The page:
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Proc Natl Acad Sci U S A. 2016 Mar 1;113(9):2430-5. doi: 10.1073/pnas.1519019113. Epub 2016 Feb 1.

Oyster reproduction is affected by exposure to polystyrene microplastics.

Author information

1
Laboratoire des Sciences de l'Environnement Marin, UMR 6539 UBO-CNRS-Institute Français de Recherche pour l'Exploitation de la Mer-Institute de Recherche pour le Développement, 29280 Plouzané, France;
2
Centre de Documentation de Recherche d'Expérimentations, 29218 Brest, France;
3
Instituut poor Landbouw en Visserijonderzoek, 8400 Ostend, Belgium.
4
Laboratoire des Sciences de l'Environnement Marin, UMR 6539 UBO-CNRS-Institute Français de Recherche pour l'Exploitation de la Mer-Institute de Recherche pour le Développement, 29280 Plouzané, France; arnaud.huvet@ifremer.fr.

Abstract

Plastics are persistent synthetic polymers that accumulate as waste in the marine environment. Microplastic (MP) particles are derived from the breakdown of larger debris or can enter the environment as microscopic fragments. Because filter-feeder organisms ingest MP while feeding, they are likely to be impacted by MP pollution. To assess the impact of polystyrene microspheres (micro-PS) on the physiology of the Pacific oyster, adult oysters were experimentally exposed to virgin micro-PS (2 and 6 µm in diameter; 0.023 mg·L(-1)) for 2 mo during a reproductive cycle. Effects were investigated on ecophysiological parameters; cellular, transcriptomic, and proteomic responses; fecundity; and offspring development. Oysters preferentially ingested the 6-µm micro-PS over the 2-µm-diameter particles. Consumption of microalgae and absorption efficiency were significantly higher in exposed oysters, suggesting compensatory and physical effects on both digestive parameters. After 2 mo, exposed oysters had significant decreases in oocyte number (-38%), diameter (-5%), and sperm velocity (-23%). The D-larval yield and larval development of offspring derived from exposed parents decreased by 41% and 18%, respectively, compared with control offspring. Dynamic energy budget modeling, supported by transcriptomic profiles, suggested a significant shift of energy allocation from reproduction to structural growth, and elevated maintenance costs in exposed oysters, which is thought to be caused by interference with energy uptake. Molecular signatures of endocrine disruption were also revealed, but no endocrine disruptors were found in the biological samples. This study provides evidence that micro-PS cause feeding modifications and reproductive disruption in oysters, with significant impacts on offspring.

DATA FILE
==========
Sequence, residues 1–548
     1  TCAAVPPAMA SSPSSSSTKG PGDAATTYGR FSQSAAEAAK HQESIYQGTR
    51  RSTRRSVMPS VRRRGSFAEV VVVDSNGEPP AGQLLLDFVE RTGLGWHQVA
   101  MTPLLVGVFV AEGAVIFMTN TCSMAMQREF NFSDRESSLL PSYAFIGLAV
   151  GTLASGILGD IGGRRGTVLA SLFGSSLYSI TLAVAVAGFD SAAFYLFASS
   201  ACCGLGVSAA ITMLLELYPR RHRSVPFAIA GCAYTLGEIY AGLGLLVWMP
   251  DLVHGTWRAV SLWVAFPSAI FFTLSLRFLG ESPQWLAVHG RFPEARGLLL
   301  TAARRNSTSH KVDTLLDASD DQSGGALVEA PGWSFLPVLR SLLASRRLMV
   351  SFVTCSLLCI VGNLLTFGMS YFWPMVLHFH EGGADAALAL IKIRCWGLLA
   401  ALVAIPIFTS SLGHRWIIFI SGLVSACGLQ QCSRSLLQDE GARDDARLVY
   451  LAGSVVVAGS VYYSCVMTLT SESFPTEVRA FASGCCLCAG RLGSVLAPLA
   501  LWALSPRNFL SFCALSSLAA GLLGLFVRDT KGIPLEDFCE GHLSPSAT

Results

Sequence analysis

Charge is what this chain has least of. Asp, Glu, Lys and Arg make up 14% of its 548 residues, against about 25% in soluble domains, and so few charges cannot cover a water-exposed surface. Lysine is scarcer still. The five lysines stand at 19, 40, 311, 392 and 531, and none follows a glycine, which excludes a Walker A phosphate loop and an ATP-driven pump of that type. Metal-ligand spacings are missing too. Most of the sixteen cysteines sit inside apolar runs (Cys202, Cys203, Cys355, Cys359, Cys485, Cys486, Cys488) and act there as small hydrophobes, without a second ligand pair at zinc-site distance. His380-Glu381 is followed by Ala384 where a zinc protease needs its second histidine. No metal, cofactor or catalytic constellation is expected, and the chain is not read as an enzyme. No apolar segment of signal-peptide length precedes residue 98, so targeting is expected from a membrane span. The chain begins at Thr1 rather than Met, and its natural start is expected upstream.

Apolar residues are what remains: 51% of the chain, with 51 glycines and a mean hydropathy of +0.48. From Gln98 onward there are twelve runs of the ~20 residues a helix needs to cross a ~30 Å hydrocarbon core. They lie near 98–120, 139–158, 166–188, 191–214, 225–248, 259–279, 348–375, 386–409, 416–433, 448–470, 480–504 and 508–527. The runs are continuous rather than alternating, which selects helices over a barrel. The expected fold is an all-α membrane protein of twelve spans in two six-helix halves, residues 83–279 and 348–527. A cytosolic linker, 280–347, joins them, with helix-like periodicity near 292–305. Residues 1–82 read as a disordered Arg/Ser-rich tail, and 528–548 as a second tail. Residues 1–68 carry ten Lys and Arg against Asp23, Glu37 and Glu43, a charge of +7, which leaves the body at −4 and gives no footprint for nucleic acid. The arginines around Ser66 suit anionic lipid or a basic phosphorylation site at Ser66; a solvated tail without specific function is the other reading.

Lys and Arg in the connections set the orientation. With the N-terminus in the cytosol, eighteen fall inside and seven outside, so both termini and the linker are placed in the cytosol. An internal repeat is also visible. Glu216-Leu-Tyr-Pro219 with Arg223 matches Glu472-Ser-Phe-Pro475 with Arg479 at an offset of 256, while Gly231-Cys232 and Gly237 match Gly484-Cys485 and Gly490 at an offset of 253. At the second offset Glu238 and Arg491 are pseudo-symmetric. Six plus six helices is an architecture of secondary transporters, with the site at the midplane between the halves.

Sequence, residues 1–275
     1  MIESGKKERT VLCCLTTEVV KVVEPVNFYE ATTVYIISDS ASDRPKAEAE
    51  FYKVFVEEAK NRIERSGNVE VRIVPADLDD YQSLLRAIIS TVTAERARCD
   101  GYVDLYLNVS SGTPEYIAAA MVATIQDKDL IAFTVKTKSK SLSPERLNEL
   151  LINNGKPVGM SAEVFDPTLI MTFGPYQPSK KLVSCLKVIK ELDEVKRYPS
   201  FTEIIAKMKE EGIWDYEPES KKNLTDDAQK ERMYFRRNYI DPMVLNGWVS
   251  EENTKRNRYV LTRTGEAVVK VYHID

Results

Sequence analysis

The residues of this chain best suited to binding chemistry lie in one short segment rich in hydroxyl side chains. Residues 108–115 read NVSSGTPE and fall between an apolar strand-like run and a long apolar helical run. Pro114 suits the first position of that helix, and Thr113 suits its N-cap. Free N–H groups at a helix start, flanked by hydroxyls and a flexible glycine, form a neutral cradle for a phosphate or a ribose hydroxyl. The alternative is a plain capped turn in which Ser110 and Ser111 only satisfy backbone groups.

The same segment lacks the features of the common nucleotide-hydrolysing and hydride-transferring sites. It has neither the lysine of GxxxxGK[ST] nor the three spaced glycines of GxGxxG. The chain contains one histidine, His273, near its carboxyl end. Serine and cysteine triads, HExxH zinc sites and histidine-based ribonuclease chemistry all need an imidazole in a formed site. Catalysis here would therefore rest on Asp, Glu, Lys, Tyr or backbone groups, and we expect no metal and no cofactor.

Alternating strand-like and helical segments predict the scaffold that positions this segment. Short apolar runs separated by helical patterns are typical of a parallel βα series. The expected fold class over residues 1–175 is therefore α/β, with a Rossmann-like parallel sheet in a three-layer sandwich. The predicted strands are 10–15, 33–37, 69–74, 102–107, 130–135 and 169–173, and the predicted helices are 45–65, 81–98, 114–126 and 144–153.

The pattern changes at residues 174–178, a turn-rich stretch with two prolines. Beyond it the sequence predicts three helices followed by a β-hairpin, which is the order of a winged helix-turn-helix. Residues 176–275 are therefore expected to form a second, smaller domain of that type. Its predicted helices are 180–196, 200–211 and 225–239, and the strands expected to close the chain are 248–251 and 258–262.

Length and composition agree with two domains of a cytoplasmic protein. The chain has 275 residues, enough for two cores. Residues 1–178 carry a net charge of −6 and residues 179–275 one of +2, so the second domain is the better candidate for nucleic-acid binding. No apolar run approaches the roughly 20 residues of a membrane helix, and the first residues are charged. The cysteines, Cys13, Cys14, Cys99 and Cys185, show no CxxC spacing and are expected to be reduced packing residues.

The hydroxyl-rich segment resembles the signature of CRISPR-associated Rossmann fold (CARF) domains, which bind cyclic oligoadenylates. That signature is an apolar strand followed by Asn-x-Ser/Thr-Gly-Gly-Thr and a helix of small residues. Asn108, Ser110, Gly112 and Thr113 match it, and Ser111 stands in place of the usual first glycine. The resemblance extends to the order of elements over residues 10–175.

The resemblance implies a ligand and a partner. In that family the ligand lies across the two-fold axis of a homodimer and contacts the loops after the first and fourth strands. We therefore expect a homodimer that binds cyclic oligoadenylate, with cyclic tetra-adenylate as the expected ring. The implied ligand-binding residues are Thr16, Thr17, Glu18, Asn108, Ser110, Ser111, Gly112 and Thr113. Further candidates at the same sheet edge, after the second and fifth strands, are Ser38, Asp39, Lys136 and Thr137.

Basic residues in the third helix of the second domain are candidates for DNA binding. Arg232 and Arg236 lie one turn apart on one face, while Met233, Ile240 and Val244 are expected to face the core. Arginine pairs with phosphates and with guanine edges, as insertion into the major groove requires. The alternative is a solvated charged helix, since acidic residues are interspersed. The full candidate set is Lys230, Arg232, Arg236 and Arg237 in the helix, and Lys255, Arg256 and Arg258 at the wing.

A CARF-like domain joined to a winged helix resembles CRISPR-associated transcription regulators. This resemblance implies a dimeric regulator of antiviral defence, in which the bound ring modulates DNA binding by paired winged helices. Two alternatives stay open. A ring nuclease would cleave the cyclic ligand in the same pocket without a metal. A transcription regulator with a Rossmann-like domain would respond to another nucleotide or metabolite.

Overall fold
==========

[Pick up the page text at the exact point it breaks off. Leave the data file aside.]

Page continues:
KEYWORDS:

energy allocation; microplastic; oyster; reproduction

PMID:
26831072
PMCID:
PMC4780615
DOI:
10.1073/pnas.1519019113
[Indexed for MEDLINE]
Free PMC Article

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